The narrow covered streets, with their unforeseen dead ends, weaves, actions, deadlights, corbels and balconies recommend that the only idea in the minds of the people who set out this town was defense against an opponent attack or pirate raid. In reality, there is no strategy behind the design of the town. Not that this is any bad thing, since in this method a settlement has evolved, at no point in which is the view of the sea - or its odor - obstructed.
Hora is jam-packed full of churches. In the Orthodox Cathedral there are some great icons dating from the years of Turkish guideline and a Gospel Book which, according to tradition, was a gift from Catherine the Great of Russia.
The Cathedral was developed on the site of a little church (Zoodochos Pigi' the Life-giving Source, i.e. the Virgin Mary) and took its present type in 1780-7, when the Metropolitan of Paros and Naxos was Neophytos Lachovaris. The Cathedral is devoted to Ayios Nikodemos the Athonite and Ayios Nektarios. Large amounts of products from ancient temples and other buildings were used in the building and construction. It is stated that the solid granite pillars were brought from the ruins of Delos. The Cathedral, the slaughterhouse and the Apollo Hotel bound the location occupied by the agora, the general public assembly place of the ancient city. The agora had four pillars with marble facades, organized in a rough square, with a mass of monoliths in front of them. In front of the Cathedral there is the Local Museum. This museum consists of a section of a Mycenean city, which was preserved in Metropolitan Square, and the remains of tombs dating to the early historic period. One of the most regularly painted and photographed monoliths at Hora is Ayia Kyriaki. Throughout the Turkish profession, the building was an abbey, where the monks taught the rudiments of reading, composing and music to Greek kids. In the courtyard of what was once the abbey there is a little old church, devoted to the Dormition of the Virgin, where, according to custom, Marco Sanudi attended his very first Orthodox service.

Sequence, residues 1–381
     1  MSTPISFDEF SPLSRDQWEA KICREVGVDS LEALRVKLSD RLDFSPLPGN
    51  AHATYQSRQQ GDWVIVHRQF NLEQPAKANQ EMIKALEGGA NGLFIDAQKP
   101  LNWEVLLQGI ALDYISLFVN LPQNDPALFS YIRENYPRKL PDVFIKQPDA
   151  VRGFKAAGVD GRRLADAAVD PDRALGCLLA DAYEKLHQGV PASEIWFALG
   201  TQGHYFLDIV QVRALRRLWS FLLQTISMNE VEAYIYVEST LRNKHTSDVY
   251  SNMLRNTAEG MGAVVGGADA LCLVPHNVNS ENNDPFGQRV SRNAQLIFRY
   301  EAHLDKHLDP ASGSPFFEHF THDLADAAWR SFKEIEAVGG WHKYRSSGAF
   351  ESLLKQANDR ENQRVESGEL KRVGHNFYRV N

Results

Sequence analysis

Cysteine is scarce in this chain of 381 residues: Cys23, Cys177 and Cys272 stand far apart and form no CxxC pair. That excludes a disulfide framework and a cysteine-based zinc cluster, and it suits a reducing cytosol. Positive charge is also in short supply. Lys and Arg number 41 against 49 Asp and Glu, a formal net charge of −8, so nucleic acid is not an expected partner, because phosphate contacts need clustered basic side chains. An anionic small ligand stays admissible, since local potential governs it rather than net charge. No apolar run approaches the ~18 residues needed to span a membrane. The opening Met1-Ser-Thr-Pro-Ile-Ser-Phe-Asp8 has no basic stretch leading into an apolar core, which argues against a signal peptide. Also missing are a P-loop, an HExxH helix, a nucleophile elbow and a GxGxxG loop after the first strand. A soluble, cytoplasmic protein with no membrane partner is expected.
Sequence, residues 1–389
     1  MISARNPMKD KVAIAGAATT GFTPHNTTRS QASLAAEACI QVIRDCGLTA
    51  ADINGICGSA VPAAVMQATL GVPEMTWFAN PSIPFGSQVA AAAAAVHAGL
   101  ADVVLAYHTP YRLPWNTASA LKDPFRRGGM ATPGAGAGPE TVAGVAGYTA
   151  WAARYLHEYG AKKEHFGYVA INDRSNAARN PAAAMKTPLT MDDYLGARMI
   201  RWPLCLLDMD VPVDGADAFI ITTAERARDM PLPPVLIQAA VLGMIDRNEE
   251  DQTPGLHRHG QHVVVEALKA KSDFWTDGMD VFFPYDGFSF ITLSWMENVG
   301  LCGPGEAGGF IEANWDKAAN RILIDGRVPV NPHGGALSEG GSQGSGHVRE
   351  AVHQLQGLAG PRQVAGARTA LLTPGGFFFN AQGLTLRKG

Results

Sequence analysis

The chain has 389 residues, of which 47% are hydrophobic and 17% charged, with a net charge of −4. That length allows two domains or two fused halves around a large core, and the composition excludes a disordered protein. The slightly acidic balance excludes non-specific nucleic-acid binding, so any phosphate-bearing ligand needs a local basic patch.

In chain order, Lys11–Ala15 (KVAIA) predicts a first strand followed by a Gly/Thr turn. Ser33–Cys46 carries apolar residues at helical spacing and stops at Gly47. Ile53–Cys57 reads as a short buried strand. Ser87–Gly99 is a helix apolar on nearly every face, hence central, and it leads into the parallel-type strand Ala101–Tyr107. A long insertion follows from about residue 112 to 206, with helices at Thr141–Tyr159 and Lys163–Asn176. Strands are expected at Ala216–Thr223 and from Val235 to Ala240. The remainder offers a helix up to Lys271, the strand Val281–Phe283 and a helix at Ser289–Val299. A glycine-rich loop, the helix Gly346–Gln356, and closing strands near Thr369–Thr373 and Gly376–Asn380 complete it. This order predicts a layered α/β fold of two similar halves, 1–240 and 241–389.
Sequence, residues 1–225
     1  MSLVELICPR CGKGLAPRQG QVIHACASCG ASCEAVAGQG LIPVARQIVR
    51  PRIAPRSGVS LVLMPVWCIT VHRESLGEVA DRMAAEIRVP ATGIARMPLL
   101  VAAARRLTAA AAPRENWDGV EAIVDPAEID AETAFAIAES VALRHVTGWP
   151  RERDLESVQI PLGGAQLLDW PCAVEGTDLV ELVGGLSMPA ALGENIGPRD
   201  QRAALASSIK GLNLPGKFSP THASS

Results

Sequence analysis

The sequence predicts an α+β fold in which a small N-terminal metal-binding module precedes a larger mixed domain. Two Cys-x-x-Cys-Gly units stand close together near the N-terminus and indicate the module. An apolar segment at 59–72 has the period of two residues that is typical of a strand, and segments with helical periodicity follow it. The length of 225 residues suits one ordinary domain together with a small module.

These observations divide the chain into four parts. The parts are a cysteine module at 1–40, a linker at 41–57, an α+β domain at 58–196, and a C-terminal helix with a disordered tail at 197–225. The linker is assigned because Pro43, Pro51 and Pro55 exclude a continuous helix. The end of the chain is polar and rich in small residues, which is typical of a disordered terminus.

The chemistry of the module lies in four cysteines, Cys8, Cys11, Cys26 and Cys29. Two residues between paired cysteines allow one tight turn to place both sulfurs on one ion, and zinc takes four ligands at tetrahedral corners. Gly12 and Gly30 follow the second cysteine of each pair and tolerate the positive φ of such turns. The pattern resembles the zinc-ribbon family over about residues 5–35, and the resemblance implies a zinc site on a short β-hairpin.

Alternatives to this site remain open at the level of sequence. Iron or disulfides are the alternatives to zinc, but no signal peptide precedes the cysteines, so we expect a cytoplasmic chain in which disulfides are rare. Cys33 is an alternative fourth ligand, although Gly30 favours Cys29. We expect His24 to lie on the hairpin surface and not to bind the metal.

In the old town all roadways cause the sea, however they also lead us to evictions of the castle constructed by Marco Sanudo in 1207. We go into either by the south gate, the 'Paraporti,' or by the north gate, the 'Trani Porta,' or 'Strong Gate.' The Trani Porta and the Portara are certainly the two most familiar landmarks of Naxos.
As we go through the gates of the Kastro we enter what is actually another location and age, where harmony reigns; there are the narrow fragmented streets, the attractive courtyards with their flowers and the estates genuine palaces of the Venetian families, with their coat of arms over the door.
A vertical incision in the marble column of the Trani Porta, which prepares us to participate in this various world. This is the procedure of the Venetian lawn and it was here that the drapers utilized to measure the materials which they would bring for the ladies of the nobility.
To the right of the Trani Porta is the Domus Della Rocca Barozzi Venetian Museum. It was founded in 1999 and is housed in the estate of the Della Rocca Barozzi family. The history of the museum begins with the death of the Fourth Crusade through the island (1207 ), when Venetians initially settled on Naxos. Today's museum then housed the Consulate of Venice and was from time-to-time the home of different noble families, such as the Sforza Castri. Today's residents, who are descendants of the Della Rocca Barozzi household, decided to 'open' their house to the click to learn public and to share its history with them. Furnishings, designs, home products, etc. are displayed in the areas of the click here museum, whilst in specially adapted locations cultural occasions, such as exhibitions, concerts, and so on occur. (The Museum is open daily from 10:00 - 15:00 and 19:00 - 22:00.).
Of the 12 castles of the Kastro